Reconstruction Pros And Cons

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Reconstruction could be considered one of the largest projects ever undertaken. The mess that was the south, left in the ruins of a bloody war, called for drastic measures. The inquisition that begs to be asked is whether or not this venture was a success. Unfortunately the answer isn't as simple as "yes" or "no". Although many promises were broken, the much-debated goals of Reconstruction are still present in the minds of today's leaders as we continue to rebuild our country. Readmission to the union was a dividing factor between Republicans in politics. Lincoln advocated for the "Ten Percent Plan". This demanded that only ten percent of voters in a state take an oath to uphold the values presented in the constitution in order to …show more content…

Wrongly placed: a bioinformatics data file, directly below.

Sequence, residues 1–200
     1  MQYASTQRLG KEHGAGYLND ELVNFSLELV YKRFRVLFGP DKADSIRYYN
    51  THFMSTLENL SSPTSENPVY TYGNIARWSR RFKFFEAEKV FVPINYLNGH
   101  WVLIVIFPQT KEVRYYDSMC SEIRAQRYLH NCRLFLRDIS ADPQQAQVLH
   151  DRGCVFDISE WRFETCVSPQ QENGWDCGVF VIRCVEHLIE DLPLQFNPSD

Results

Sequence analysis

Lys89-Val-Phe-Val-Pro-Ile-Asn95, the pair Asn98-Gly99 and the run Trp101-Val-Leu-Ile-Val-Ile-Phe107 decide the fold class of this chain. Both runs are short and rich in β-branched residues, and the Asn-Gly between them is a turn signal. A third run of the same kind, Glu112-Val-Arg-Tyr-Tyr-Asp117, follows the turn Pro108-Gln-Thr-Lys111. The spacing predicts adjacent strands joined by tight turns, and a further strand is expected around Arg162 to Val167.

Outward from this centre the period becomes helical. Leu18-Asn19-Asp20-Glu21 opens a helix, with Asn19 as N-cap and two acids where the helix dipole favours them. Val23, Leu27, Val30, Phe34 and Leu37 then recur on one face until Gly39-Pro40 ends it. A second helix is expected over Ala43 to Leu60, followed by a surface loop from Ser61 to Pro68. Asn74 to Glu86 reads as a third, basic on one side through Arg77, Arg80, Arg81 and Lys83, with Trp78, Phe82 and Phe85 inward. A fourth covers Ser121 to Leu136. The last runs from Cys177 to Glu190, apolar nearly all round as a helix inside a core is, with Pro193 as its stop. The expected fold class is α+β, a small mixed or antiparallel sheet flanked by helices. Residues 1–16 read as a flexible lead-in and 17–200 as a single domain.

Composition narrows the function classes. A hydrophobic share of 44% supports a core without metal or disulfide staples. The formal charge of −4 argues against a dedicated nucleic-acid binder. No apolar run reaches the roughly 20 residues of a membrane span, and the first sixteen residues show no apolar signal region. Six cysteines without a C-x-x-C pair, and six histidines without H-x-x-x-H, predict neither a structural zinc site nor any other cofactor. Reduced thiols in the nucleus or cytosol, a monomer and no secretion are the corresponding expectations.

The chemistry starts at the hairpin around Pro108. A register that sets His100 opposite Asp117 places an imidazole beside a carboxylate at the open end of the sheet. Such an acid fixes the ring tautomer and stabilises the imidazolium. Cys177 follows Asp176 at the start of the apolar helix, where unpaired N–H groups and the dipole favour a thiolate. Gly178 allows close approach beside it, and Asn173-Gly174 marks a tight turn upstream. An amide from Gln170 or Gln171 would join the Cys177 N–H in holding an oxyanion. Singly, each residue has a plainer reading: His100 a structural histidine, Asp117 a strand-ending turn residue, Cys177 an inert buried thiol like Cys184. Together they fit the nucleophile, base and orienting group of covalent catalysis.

Many participated in a practice penned "sharecropping". A plantation owner would offer freedmen a portion of their land in exchange for a percentage of the crops cultivated on the land. Unfortunately many men took out food and other necessities on credit and found themselves sucked into debt. They were then trapped on the plantation as if they were slaves again. Henry Black, a former slave, trying to express his frustration, said "anything that kept you a slave because he was always right and you were always wrong". Sharecropping wasn't the only way that Southerners inhibited the freedom of former slaves. Under Johnson's control states were able to enact Black Codes. These codes were created state by state and often prohibited freedmen to be unemployed, testify against a white man in court, participate in an interracial marriage or carry fire arms. The parish of St. Landry in Louisiana prohibited any blacks within their parish without written permission. Both Freedmen and white Northerners were infuriated by these policies and Congress, in reaction passed the Civil Rights Act. The Civil Rights Act was one of many laws and amendments passed during the reconstruction era. It provided citizenship for all men "without distinction of race of color, or previous condition of slavery or involuntary servitude". Jackson originally vetoed this act but the veto was overridden by Congress. Only months before the Civil Rights Act was passed, the

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